Emerging "Christianity" - Part 3   

Who defines the Kingdom of God?

A rebuttal to Brian McLaren's new book:

The Secret Message of Jesus: Uncovering the Truth that Could Change Everything

by Berit Kjos -  May 2006

Part 1

Part 2




Resources to aid your Understanding

Where is the Kingdom of God?  How inclusive is it? Who defines the terms? 

"What if Jesus' secret message reveals a secret plan?" asks Brian McLaren in his new book, The Secret Message of Jesus. "What if he didn't come to start a new religion--but rather came to start a political, social, religious, artistic, economic, intellectual, and spiritual revolution that would give birth to a new world?"[1-page 4]

Nothing secret about that notion! That's what many believed back when Jesus first demonstrated His power among His people. But Jesus corrected them with these words: "My kingdom is not of this world." John 18:36

Yet emerging church movements today are still trying to move the boundaries of His Kingdom. They have redefined God's Word and are fast embracing the latest versions of the old Gnostic quest for secret knowledge (gnosis) and self-actualization, whether through mystical experience or collective imagination.

Stamping out faith in Biblical absolutes is central to this transformation. A mind anchored in God's Word won't compromise, but when that anchor is removed, the current of change can carry that mind anywhere. As Jesuit scholastic, Mark Mossa, wrote in his endorsement of Brian McLaren's latest book: "The Secret Message of Jesus challenges us to put aside our sterile certainties about Christ and reconsider the imaginative world of Jesus stories, signs and wonders."[1]


In this imaginative world, church leaders envision a spiritual oneness that must exclude God's "divisive" gospel and the "offensive" certainties that spawned its hope. Deeds, not creeds -- that's what counts! Popularized by Rick Warren, this slogan paves the way for all religions to agree on the new terms. McLaren summarizes it well:

"...many Hindus are willing to consider Jesus as a legitimate manifestation of the divine... many Buddhists see Jesus as one of humanity’s most enlightened people....  A shared reappraisal of Jesus’ message could provide a unique space or common ground for urgently needed religious dialogue—and it doesn’t seem an exaggeration to say that the future of our planet may depend on such dialogue. This reappraisal of Jesus’ message may be the only project capable of saving a number of religions."[1 - page 7]

Which religions might be saved by this project? What about the first commandment: "You shall have no other gods before Me"? Exodus 20:3


Today's reappraisal of truth challenges us to examine this earthly "Kingdom of God" from the perspective of the Biblical Kingdom of God. Let's start with a look at our King.


1. A sovereign King or a utopian guide

Growing up in Norway during the post-war years, I loved our human king. The tales of his kindness and courage during the Nazi occupation had continued to inspire our nation, and he became my model for goodness and courage. Like him, I wanted to be brave enough to die rather than surrender to an enemy.

Years later I discovered that this heroic leader was nothing compared to my heavenly King. Yet my earthly king gave me a glimpse of approachable majesty that I continue to treasure. I began to see that we, the citizens of a heavenly Kingdom, resemble a nation of loyal subjects who -

  • love and obey their King
  • discover in their common goal and spiritual warfare a blessed fellowship that can rarely be found apart from pain and persecution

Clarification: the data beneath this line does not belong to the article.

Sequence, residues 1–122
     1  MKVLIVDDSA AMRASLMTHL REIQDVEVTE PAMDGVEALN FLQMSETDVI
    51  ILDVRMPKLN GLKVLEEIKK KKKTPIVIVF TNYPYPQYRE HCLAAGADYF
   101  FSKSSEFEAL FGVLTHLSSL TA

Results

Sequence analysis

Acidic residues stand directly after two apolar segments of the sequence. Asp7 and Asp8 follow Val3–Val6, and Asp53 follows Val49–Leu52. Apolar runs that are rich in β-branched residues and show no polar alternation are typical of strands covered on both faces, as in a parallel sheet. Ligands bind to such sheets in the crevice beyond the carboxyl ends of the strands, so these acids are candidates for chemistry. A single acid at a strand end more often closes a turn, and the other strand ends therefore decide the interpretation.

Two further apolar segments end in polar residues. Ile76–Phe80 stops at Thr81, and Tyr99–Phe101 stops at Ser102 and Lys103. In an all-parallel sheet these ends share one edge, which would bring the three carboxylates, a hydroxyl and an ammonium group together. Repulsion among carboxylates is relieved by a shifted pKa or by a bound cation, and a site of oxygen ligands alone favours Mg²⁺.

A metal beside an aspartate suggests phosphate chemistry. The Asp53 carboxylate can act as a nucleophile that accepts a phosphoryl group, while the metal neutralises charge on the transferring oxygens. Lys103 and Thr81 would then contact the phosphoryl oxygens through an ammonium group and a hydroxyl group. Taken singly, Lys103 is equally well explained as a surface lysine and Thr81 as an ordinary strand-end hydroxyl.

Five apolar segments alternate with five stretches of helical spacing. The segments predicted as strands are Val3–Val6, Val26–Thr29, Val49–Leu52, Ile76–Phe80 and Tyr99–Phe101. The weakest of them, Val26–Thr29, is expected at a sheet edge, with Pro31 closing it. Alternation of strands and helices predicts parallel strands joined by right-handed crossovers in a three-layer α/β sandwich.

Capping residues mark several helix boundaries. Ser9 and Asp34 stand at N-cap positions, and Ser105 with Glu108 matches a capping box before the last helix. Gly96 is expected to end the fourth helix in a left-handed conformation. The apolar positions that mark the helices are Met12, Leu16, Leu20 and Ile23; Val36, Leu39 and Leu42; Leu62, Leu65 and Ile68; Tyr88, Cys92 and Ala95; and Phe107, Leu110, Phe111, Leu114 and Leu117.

• persevere -- without compromise -- to the end.

The world didn't welcome our true King, for "men loved darkness rather than light." [John 3:19] They didn't want a Savior who questioned their shallow delights and crushed their hope for an earthly kingdom. They despised his call to repentance, rationalized their own need for redemption, and ignored His message: "My kingdom is not of this world." 

This wonderful King now reigns from His heavenly realm, yet is ever present in and with His own people -- those who are "crucified with Christ," filled with His Spirit," and delight in His Kingdom. [Luke 17:20]

"Enter by the narrow gate," He told us, for wide is the gate and broad is the way that leads to destruction, and there are many who go in by it." But "narrow is the gate and difficult is the way which leads to life, and there are few who find it." Matthew 7:13-14 

2. Universalism or Biblical Christianity

Few choose His narrow ways these days. The world's superhighway looks far more enticing! Its deceptive blend of truths and lies thrills the human nature, and McLaren's inclusiveness fits right in:

"Jesus seems to say, 'The kingdom of God doesn’t need to wait until something else happens. No, it is available and among you now.... Invite people of all nations, races, classes, and religions to participate in this network of dynamic, interactive relationships with God and all God’s creation!" [1 - page 74]


"...the kingdom of God will be radically, scandalously inclusive. As we’ve seen, Jesus enjoys table fellowship with prostitutes and drunks.... He affirms and responds to the faith of Gentiles—Romans and Syrophonecians and Samaritans."[1 - page 94]

No, He doesn't! Jesus never set aside His eternal laws in order to affirm the faith of pagans. Nor did he "enjoy" drunks and prostitutes. But He loved and forgave humble and repentant sinners. The apostle Paul illustrates this unmerited grace:

"Do you not know that the unrighteous will not inherit the kingdom of God? Do not be deceived. Neither fornicators, nor idolaters, nor adulterers, nor homosexuals, nor sodomites, nor thieves, nor covetous, nor drunkards, nor revilers, nor extortioners will inherit the kingdom of God. And such were some of you. But you were washed, but you were sanctified, but you were justified in the name of the Lord Jesus and by the Spirit of our God." 1 Corinthians 6:9-11

Actually McLaren does mention "repentance." But he redefines it in terms that fit today's transformational process: